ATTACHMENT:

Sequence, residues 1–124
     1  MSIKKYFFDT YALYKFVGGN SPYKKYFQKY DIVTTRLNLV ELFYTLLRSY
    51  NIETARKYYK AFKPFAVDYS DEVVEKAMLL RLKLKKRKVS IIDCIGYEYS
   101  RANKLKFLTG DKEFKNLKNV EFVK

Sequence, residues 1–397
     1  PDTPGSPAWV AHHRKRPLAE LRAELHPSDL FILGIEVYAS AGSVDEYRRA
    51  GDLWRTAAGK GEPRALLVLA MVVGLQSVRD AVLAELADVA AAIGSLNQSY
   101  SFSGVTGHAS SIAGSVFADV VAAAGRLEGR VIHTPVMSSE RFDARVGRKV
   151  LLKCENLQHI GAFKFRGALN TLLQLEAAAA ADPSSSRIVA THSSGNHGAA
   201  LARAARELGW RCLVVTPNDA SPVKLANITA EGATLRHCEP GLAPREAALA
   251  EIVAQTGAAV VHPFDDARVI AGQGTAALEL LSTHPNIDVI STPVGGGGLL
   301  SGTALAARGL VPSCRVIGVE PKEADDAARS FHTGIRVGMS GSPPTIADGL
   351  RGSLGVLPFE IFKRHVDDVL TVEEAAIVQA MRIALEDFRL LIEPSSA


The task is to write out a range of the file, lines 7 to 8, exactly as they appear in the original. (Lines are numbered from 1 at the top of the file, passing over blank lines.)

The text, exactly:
    51  GDLWRTAAGK GEPRALLVLA MVVGLQSVRD AVLAELADVA AAIGSLNQSY
   101  SFSGVTGHAS SIAGSVFADV VAAAGRLEGR VIHTPVMSSE RFDARVGRKV